Chapter 44: Anti-Inflammatory Test, Pharmacology for Nurses: Practical Applications
The key terms in this Pharmacology course include Anti-Inflammatory Test, Patient, Nurse, Acid, Adverse Effect, Pharmacology, Action, Nonsteroidal Antiinflammatory Drugs (NSAIDs), Inhibiting Prostaglandin Production, Gout, Colchicine, Medication, Acetic Acid Derivative Indomethacin
What is the mechanism of action of nonsteroidal antiinflammatory drugs (NSAIDs)?
Increasing blood flow to painful areas
Enhancing pain perception
Inhibiting prostaglandin production
Increasing the supply of natural endorphins
Prostaglandins are produced in response to activation of the arachidonic pathway. NSAIDs work by blocking cyclooxygenase (COX-1 and COX-2), the enzyme responsible for conversion of arachidonic acid into prostaglandins. Decreasing the synthesis of prostaglandins results in decreased pain and inflammation.
The nurse is educating a patient with gout. The nurse explains the action of colchicine to the patient. What statement is accurate in discussing the therapeutic action of the medication?
Decreases mobility of leukocytes
Decreases production of lactic acid
Increases process of phagocytosis
Increases uric acid metabolism
Colchicine works by inhibiting the metabolism and migration of leukocytes into joints affected by gout, thus resulting in decreased inflammation.
The acetic acid derivative indomethacin has what properties? (Select all that apply.)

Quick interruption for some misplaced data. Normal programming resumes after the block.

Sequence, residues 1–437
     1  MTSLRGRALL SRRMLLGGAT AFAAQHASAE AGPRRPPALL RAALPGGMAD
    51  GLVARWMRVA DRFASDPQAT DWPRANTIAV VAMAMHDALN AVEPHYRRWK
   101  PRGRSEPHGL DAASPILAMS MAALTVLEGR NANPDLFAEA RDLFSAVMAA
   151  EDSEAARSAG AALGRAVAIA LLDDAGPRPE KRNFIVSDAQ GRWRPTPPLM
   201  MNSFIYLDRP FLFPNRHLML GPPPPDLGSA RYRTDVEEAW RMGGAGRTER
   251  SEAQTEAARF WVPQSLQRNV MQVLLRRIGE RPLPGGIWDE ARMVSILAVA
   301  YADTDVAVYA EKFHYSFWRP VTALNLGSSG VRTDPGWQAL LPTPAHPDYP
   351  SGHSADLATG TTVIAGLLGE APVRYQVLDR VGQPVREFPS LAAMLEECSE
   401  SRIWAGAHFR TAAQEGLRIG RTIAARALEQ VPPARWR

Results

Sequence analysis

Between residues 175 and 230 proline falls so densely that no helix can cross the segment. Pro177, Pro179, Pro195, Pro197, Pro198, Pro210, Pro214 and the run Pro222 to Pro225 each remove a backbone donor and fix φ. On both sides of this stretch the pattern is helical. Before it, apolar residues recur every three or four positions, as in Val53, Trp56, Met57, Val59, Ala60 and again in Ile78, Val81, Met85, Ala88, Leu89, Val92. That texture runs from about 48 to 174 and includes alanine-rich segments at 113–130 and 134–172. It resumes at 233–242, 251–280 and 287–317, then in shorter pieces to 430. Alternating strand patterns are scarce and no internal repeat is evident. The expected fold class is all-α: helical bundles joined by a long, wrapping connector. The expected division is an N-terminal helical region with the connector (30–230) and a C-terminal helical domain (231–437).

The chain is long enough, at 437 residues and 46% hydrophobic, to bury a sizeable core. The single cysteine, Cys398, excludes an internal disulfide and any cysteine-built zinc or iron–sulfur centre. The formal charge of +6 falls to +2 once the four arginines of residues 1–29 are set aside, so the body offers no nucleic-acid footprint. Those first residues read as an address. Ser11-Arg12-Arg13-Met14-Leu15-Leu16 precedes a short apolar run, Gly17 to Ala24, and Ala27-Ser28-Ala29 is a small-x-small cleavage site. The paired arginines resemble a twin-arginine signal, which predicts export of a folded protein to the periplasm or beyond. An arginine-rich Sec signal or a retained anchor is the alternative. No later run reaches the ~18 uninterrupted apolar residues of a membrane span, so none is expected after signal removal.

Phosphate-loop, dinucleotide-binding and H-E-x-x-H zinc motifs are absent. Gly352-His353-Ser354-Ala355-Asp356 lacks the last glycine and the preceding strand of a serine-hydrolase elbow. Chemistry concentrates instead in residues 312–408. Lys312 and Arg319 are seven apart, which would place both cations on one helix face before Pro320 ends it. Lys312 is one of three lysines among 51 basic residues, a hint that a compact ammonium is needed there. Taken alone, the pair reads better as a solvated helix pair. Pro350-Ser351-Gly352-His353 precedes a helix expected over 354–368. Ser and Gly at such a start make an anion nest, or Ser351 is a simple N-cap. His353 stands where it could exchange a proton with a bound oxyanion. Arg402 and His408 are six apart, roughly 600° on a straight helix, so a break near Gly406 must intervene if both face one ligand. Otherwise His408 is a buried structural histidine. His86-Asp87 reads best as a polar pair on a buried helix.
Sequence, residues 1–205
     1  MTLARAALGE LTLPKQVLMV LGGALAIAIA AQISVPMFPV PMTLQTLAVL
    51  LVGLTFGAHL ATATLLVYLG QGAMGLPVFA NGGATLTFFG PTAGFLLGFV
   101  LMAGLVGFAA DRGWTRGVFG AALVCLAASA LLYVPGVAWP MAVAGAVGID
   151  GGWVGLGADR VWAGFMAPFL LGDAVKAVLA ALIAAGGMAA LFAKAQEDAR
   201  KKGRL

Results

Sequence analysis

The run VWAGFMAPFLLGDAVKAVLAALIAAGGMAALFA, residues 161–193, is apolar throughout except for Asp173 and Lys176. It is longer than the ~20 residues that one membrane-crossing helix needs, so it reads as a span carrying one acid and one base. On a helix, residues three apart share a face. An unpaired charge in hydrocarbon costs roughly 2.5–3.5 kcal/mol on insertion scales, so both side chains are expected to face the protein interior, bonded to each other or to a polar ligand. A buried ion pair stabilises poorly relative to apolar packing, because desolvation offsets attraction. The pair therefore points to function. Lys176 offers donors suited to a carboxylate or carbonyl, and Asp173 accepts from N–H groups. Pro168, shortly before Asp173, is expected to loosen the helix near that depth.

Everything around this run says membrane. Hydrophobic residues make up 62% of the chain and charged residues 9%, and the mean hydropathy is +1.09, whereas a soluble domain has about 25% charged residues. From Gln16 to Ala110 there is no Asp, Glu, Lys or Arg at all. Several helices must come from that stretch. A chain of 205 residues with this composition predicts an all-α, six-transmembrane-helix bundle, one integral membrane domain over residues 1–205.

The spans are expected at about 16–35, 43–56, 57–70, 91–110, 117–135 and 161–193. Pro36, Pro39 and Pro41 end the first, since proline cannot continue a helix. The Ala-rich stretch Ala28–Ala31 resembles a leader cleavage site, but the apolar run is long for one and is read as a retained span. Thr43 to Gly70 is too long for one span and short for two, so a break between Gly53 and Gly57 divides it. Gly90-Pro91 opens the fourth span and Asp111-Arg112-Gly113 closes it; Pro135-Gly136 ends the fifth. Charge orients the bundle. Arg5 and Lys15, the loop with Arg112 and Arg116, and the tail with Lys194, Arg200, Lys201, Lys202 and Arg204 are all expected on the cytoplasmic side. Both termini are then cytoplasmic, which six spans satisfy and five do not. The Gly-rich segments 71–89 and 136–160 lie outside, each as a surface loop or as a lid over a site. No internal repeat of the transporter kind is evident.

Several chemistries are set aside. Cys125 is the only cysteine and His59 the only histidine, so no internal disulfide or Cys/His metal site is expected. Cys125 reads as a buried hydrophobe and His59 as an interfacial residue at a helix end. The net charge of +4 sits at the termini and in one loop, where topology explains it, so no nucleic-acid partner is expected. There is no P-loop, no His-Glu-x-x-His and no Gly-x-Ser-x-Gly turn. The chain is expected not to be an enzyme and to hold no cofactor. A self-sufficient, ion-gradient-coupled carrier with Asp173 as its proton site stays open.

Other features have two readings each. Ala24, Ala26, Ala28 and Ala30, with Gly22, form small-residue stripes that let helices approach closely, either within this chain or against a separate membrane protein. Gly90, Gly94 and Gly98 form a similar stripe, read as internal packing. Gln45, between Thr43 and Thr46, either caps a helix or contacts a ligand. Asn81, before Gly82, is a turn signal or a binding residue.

The nurse would question a prescription to administer misoprostol to a patient with what condition?
Gastroesophageal reflux disease
Chronic obstructive pulmonary disease
Misoprostol is an abortifacient and thus is contraindicated in pregnancy.
When teaching a patient about potential adverse effects of NSAID therapy, the nurse will teach the patient to immediately notify the health care provider of what effect?
Black tarry stools
A major adverse effect of NSAID therapy is gastrointestinal (GI) distress with potential GI bleeding. Black or tarry stools are indicative of a GI bleed.
The nurse is administering probenecid to a patient with recurrent strep throat. The nurse teaches the patient that the reason for taking this medication is for what drug effect?
Increase uric acid excretion
Inhibit bacterial growth and replication
Prolong the effectiveness of penicillin therapy
Prevent the occurrence of gout
Besides its use for the treatment of the hyperuricemia associated with gout and gouty arthritis, probenecid also has the ability to delay the renal excretion of penicillin, thus increasing serum levels of penicillin and prolonging its effect.
What nursing diagnosis is appropriate for a patient prescribed colchicine?
Constipation related to adverse effect of the medication
Risk for infection related to medication-induced leukocytosis
Risk for injury related to adverse effect of life-threatening seizures
Risk for fluid volume deficient related to nausea, vomiting, and diarrhea
Colchicine is administered on an hourly basis until pain is relieved, the patient develops severe nausea and diarrhea, or the maximum dose (6 mg) has been administered. Bleeding into the GI or urinary tracts is a potential serious adverse effect of colchicine.